Practising on models

Now you’re all set up, it’s time to practise! As part of your training course you should have experience working on models with your trainer overseeing this. The first time you work on a model on your own and out of a controlled training environment can be worrying.  However, this is the time when you will accelerate the most, utilising all the skills you learnt on your training course.

Friends and family are a good place to start. You should already be very comfortable using your device, from all the hours you have spent practising on your training mats.  Whether you are just starting out or an advanced permanent makeup artist, you can always improve your technique or get more up-to-speed with the latest trends.

Practise, practise, practise! There are other materials you can practise on, such as banana skins and floor lino, as well as pig skin (very similar to human skin).  Of course, if you are Vegan, this may not suit you and rubber material mats are just as useful for getting in some practise.

Once you feel comfortable and confident enough, you can start marketing your treatments.  There are several avenues for advertising which I will cover in the next section. The more models that you can work on the better. Some new artists will offer their services for free or greatly discounted, just to get the practise in and build their portfolio of photos.  Work at your own pace and don’t rush.  Remember you can say no to any work you do not wish to take on if you don’t feel comfortable.  This is especially true at the initial stages of working if someone asks you to correct someone else’s work.  Keep in mind that even if the client is just a model, or if they’re paying, as soon as you touch someone else’s work, it then becomes your work which could lead to problems if the previous work was bad.  Make sure you take photos at every step of the treatment to cover yourself – you will need this for insurance purposes as well as confirmation with your client what they agreed with you.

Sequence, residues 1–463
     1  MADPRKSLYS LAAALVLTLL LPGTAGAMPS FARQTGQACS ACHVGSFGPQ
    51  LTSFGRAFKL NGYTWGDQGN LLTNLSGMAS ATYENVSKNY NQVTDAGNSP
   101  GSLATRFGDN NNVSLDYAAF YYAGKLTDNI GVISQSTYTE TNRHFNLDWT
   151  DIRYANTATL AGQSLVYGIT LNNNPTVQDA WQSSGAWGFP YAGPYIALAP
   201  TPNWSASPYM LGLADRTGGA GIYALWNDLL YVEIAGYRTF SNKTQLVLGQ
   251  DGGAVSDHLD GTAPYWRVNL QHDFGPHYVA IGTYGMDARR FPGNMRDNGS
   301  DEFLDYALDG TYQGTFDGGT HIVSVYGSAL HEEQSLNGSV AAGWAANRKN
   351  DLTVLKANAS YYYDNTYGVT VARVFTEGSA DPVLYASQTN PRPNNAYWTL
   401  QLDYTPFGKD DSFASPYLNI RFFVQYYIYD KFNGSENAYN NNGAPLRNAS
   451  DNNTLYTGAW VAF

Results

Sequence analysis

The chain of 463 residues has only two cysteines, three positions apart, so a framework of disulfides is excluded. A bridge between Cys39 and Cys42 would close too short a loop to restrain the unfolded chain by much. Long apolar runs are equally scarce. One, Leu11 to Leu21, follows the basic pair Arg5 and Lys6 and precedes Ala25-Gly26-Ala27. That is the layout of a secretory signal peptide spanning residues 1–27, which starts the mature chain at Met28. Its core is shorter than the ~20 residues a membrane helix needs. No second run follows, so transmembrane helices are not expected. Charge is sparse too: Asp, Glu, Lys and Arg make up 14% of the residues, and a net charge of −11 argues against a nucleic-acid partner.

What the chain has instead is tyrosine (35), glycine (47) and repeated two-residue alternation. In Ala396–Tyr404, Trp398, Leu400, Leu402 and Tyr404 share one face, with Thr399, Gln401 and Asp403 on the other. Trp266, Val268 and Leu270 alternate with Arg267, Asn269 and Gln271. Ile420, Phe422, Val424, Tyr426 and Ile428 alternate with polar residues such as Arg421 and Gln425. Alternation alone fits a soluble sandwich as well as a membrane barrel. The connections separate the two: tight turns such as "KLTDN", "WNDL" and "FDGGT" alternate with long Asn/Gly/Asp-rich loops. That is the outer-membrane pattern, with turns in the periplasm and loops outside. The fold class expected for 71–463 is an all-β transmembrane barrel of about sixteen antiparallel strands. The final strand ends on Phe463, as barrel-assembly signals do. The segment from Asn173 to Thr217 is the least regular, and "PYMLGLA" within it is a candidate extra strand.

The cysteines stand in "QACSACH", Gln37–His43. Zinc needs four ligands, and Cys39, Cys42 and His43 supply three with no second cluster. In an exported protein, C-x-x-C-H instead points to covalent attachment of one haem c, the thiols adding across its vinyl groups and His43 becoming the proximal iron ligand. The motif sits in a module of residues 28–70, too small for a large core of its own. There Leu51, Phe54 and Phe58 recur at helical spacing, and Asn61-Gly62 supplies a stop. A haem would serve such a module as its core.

A decent trainer should always offer support to you at the beginning, so make sure you get in touch with them with any concerns or queries, rather than taking a risk.  No matter who you are working on, they have trusted you to work on their face and their safety and expectations of the treatment are so important.

It’s common to be nervous when you first start out working on models, so here are some other top tips:

  1. Be on time (or early!)
  2. Be organised
  3. Keep calm – breathe!
  4. Read through your training notes before you begin to refresh you memory
  5. You will need to give a full consultation to your new client before you begin.  All consent forms and medical history forms need to be filled in and signed.  You will also be responsible for looking over their answers and checking there are no issues with carrying out treatment.  The most important aspect is managing a client’s expectations Your training provide should have given you the basis for consent / consultation forms.
  6. Each client should have patch test before they come in for their full treatment and this will have been covered in your training course.
  7. Dress appropriately and remain professional at all times – keep smiling – you will have all sorts of personalities walking through the door, so remaining neutral is extremely important.

 

 

 

Advertising Your Business

So how do you get your clients and build your business?  This is indeed a huge task and will take time.  The more you put in, the more you will get out, but be patient.

You’ll need a name – decide if you want to just use your name or go with a business name.  When considering this, check domain name availability as well as social media to see if what you need is available.  Keeping consistent across all platforms is a good idea, if possible. Try to keep is simple so there is less chance of people making mistakes when looking for you online.  Check out www.one.com or www.names.co.uk for potential domain names.

Ideally, you’ll need a website if you want to come across as a serious business.  Having a Facebook business page is fine, but it is seen as an easy, lazy way to promote your business, plus this isn’t going to work as well for search engine optimisation (e.g. Google search results).